Under alkali stress, the positive regulatory gene SaNPR1 was obtained in the signal transduction pathway. The SaNPR1 gene was annotated as a regulatory protein NPR1-like, which is a positive regulatory gene in the salicylic acid signal pathway. Studies have shown that NRP1 participates in abiotic stresses including low temperature and salt stress through the salicylic acid signaling pathway [36,37,38,39,40], and that salicylic acid, as a plant stress signal, plays an important role under high pH stress conditions [41]. In the ethylene signaling pathway, 17 genes related to serine/threonine-protein kinase CTR1 were upregulated. These included SashkB, SashkC1, SashkC2, SashkC3, SashkC4, SakinX, SadrkD, SagefX, SaDDB1, SaDDB2, SaDDB3, SaDDB4, SaDDB5, SaMIMI1, SaMIMI2, Sapats1–1, and Sapats1–2 (Table S2). Studies have confirmed that CTR1 was a positive factor regulating abiotic stress [42]. Six negative regulatory genes were obtained in the auxin signaling pathway, including the auxin influx carrier (AUX1 LAX family) gene SaAUX1, and auxin-responsive protein IAA genes SaIAA8–1, SaIAA8–2, SaIAA14, SaIAA26, and SaIAA27 (Table S2). These genes are mainly involved in cell enlargement and plant growth. The histidine kinase 4 (cytokinin receptor) gene SaAHK4, which is involved in cytokine signaling pathway, also exhibits negative regulation under drought stress. In the gibberellin signaling pathway, the negatively regulated DELLA protein GAI-like gene SaGAI was obtained, which was mainly involved in plant stem growth and induction of germination. In the brassinolide signaling pathway, the negatively regulated D3-type cyclin isoform 1 gene, SaCYCD3, was obtained, which was mainly involved in the cell division process. The negative regulatory genes we obtained are mainly involved in the growth and development of plants [43,44,45,46,47,48,49,50,51,52]. Previous studies in Arabidopsis have found that plants can further improve their resistance to stress by slowing down growth and promoting leaf senescence [34]. Furthermore, we obtained two up-regulated genes in the plant secondary metabolite synthesis pathway, namely SaGCDH and SaOMT6. The caffeoyl-CoA O-methyltransferase gene is related to the Citrus reticulata flavonoid biosynthesis process, and flavonoids, as the primary secondary metabolites, play a crucial part in plant stress resistance [42]. The up-regulated differential genes related to antioxidant enzymes mainly include SaPXR1, superoxide dismutase genes (SaSOD1, SaSOD2–1, and SaSOD2–2), and the putative peroxisomal-coenzyme A synthetase gene SaHACL1. These genes are mainly involved in the removal of ROS responding to stress, and thus reduce the damage of plant cells and tissues by reactive oxygen species [53, 54].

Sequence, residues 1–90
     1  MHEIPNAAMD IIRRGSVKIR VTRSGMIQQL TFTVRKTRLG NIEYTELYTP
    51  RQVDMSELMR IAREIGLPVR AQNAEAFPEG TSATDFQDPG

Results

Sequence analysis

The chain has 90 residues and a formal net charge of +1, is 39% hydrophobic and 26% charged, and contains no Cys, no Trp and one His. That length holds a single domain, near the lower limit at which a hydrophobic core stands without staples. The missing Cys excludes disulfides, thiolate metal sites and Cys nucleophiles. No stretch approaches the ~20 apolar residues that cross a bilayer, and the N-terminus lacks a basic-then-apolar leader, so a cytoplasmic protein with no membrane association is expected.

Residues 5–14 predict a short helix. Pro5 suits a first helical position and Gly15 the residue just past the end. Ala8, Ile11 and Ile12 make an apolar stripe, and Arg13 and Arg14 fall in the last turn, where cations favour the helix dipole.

Functional classifications using KEGG pathways under drought stress

Of the 17,479 DEGs sequenced from the drought-treatment samples, 6546 DEGs were assigned to 121 metabolic pathways; of these, 576 up-regulated DEG annotations were in 101 metabolic pathways, and 5970 down-regulated DEG annotations were in 120 metabolic pathways. Of the 121 metabolic pathways, one was annotated to up-regulated DEGs, and 100 contained both up-regulated and down-regulated genes; the other 20 annotated only down-regulated genes.